Fresh details have emerged showing a British executive was a recipient of millions of pounds from the notorious multi-billion dollar Malabu oil deal.
Peter Bosworth and the trading firm he ran, Arcadia Petroleum, have been named in multiple court documents as among the recipients of funds from the deal, documents obtained by this newspaper’s London partner, Finance Uncovered, and The Times have shown.
The Malabu deal is the subject of criminal proceedings in Milan. Two middlemen have been convicted in one case, while Shell and Eni, two multinationals at the centre of the controversial deal, as well as some of their officials are also being prosecuted.
The deal is also the subject of civil action in the United Kingdom, where Nigeria has filed a High Court claim against the oil multinationals and JP Morgan, the bank through which the funds went.
Shell, Eni, some of their ex-officials and two former Nigerian ministers are also being prosecuted in Nigeria for their roles in the scandal.
Finance Uncovered found that 55-year-old Mr Bosworth and Arcadia Petroleum have been named as having together received $16 million originating from the deal.
The Malabu scandal involved the transfer of about $1.1 billion by oil multinationals, Shell and ENI, through the Nigerian government to accounts controlled by a former Nigerian oil minister, Dan Etete.
From accounts controlled by Mr Etete, about half the money ($520 million) went to the accounts of companies jointly controlled by Abubakar Aliyu, popularly known in Nigeria as the owner of AA oil, and Mr Etete.
Anti-corruption investigators and activists suspect Mr Aliyu fronted for top officials of the Goodluck Jonathan administration as well of officials of Shell and ENI.
The transaction was authorised in 2011 by Mr Jonathan through some of his cabinet ministers, and the money was payment for OPL 245, one of Nigeria’s richest oil blocks.
Although Shell and ENI initially claimed they did not know the money would end up with Mr Etete and his cronies, evidence has shown that claim to be false.
Shell later admitted it did know the money would go to Mr Etete.
Shell, Eni, Mr Etete, Mr Aliyu and several officials of the oil firms are being prosecuted in Italy for their roles in the scandal.
Last June, PREMIUM TIMES reported how Mr Etete acquired luxury properties in Dubai with funds believed to have been sourced from the controversial deal.
In April, the EFCC was urged to seize a private jet bought by Mr Etete from money he allegedly made from the Malabu deal.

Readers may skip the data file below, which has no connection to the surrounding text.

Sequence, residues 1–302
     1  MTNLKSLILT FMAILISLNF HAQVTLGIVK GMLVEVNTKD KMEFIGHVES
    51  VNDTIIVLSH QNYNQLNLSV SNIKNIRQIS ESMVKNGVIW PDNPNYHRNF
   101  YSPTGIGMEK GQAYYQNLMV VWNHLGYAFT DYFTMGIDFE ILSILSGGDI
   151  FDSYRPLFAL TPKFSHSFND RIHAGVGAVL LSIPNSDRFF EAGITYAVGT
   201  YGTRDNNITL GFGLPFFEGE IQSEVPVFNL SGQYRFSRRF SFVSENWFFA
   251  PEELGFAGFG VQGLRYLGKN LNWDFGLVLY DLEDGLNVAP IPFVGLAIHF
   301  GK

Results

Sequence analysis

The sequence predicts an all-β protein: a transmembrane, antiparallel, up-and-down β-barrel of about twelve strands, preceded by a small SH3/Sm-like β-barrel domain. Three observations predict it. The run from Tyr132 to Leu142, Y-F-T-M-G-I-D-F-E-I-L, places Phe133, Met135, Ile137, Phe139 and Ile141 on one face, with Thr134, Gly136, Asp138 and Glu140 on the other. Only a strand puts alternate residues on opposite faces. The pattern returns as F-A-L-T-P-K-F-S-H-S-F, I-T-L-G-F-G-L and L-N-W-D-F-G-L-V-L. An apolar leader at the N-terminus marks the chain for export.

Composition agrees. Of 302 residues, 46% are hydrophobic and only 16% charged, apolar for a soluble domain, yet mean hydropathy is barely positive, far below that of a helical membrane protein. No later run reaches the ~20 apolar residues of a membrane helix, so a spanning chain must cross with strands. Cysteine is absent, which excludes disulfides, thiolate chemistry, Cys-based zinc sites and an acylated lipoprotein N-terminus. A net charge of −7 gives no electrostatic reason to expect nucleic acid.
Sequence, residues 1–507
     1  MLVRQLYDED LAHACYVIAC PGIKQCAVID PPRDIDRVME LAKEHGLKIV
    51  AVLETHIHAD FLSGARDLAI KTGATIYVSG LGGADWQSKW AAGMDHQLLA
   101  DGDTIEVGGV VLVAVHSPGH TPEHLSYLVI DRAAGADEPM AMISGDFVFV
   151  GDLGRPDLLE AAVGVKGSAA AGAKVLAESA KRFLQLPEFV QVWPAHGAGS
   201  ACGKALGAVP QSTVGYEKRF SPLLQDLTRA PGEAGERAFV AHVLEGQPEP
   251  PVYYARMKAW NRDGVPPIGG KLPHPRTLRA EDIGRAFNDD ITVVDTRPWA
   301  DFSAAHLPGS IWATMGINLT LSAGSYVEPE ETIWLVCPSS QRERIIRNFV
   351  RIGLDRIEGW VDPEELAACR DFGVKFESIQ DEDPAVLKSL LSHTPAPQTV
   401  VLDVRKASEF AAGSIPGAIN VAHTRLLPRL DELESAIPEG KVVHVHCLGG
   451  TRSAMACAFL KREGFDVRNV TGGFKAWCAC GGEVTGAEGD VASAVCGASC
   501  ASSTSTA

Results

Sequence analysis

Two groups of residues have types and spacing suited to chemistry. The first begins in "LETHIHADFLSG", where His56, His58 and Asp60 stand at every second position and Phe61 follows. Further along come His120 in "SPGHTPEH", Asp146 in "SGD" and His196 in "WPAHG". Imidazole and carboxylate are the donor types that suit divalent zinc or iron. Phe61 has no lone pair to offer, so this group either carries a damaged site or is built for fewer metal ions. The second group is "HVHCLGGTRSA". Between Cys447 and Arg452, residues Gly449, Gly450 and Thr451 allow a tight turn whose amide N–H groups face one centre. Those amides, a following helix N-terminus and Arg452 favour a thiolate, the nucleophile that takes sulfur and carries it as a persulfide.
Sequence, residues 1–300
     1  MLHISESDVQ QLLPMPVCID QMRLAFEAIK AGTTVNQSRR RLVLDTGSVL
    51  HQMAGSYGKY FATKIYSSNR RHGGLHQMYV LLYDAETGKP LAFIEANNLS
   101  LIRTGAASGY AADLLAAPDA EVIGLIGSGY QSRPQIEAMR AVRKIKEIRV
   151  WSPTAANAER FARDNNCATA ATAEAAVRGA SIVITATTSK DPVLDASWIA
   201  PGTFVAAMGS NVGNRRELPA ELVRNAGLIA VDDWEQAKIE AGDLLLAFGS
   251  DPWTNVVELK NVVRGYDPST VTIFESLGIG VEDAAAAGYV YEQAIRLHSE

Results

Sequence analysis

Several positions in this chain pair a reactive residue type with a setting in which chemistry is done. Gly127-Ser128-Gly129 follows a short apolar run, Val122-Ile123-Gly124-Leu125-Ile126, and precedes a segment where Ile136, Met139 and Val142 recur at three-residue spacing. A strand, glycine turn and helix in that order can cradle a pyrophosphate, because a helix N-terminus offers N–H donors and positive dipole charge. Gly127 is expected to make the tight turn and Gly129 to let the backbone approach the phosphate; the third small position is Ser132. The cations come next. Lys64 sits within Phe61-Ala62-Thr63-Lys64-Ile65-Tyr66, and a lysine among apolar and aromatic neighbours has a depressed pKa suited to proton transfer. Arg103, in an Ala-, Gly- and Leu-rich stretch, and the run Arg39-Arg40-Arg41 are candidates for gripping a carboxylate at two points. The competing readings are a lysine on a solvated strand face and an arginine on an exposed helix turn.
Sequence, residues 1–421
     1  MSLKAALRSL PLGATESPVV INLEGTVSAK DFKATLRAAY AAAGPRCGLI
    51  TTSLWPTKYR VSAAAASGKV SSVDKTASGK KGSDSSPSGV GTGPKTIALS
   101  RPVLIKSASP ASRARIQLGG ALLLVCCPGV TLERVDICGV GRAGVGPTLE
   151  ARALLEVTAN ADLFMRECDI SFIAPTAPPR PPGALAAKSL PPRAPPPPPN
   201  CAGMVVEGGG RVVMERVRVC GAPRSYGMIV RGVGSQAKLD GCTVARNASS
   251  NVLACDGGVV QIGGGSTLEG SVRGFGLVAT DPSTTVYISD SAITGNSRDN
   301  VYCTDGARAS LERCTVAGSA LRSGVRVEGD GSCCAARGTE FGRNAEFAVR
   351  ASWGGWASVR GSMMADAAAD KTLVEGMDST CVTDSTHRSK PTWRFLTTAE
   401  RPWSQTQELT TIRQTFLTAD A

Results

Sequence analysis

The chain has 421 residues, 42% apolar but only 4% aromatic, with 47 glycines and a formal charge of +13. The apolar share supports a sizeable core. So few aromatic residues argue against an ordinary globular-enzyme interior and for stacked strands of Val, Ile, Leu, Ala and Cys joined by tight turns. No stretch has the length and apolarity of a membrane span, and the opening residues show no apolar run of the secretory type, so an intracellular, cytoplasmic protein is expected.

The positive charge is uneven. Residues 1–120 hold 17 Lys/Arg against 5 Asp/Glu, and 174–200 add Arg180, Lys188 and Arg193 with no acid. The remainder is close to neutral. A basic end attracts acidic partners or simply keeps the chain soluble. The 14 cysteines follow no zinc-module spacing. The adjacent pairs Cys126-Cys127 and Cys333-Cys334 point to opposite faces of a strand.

Details of Mr Bosworth’s personality remain quite sketchy.
There is little publicly available information about him and he has no accessible photographs. He joined Arcadia Petroleum in 1992 and rose to become chief executive in 2000.
The commodities trading group is owned by John Fredriksen, a Norwegian billionaire.
Meanwhile, Mr Bosworth left Arcadia Petroleum in 2013 and has since been sued by the company over separate allegations that he and another senior executive jointly perpetrated a $335 million fraud against it. Although both men deny the allegations, the case continues.
Nigeria has said that it is “investigating the reasons” for the payments and is understood to be considering legal action to try to recoup the money.
In Italy, Arcadia Petroleum and Mr Bosworth are not parties in any of the litigation and both deny any wrongdoing. A lawyer for Mr Bosworth told Finance Uncovered and The Times that no proceedings had been brought against him in relation to OPL 245.
But, a huge cache of leaked emails and payment records compiled by Italian prosecutors reveals links between Mr Bosworth, Arcadia Petroleum and Mr Etete, who had been convicted of money laundering in the past. The documents suggest that Mr Bosworth advised Mr Etete on matters relating to OPL 245 and that Arcadia paid for flights and hotels for Mr Etete for several years spanning the 2011 deal.
This newspaper understands that the documents also appear to show that some of the money Arcadia received from the deal was set against Mr Bosworth’s debts to the company after it purchased a “sumptuous” Swiss château on his behalf.
In his reaction, Mr Bosworth said he had “no reason to believe anything was either unlawful or corrupt” in his dealings with Mr Etete. He admitted giving Mr Etete some “informal advice” but he argued that he was “not involved in the OPL 245 transaction”.
The Nigerian government has a new claim in London, which seeks to recover money paid in bribes and seeks damages over the “fraudulent and corrupt scheme”.
Also, last month, a Federal Capital Territory (FCT) High Court in Jabi, Abuja, granted the prayers of the Economic and Financial Crimes Commission (EFCC) for a warrant of arrest against Nigerian officials implicated in the controversial deal.
The officials include Mr Etete and Mohammed Adoke, a former justice minister. Also declared wanted were foreigners including Raph Wetzels, Casula Roberto, Pujato Stefano, and Burrato Sebastiano.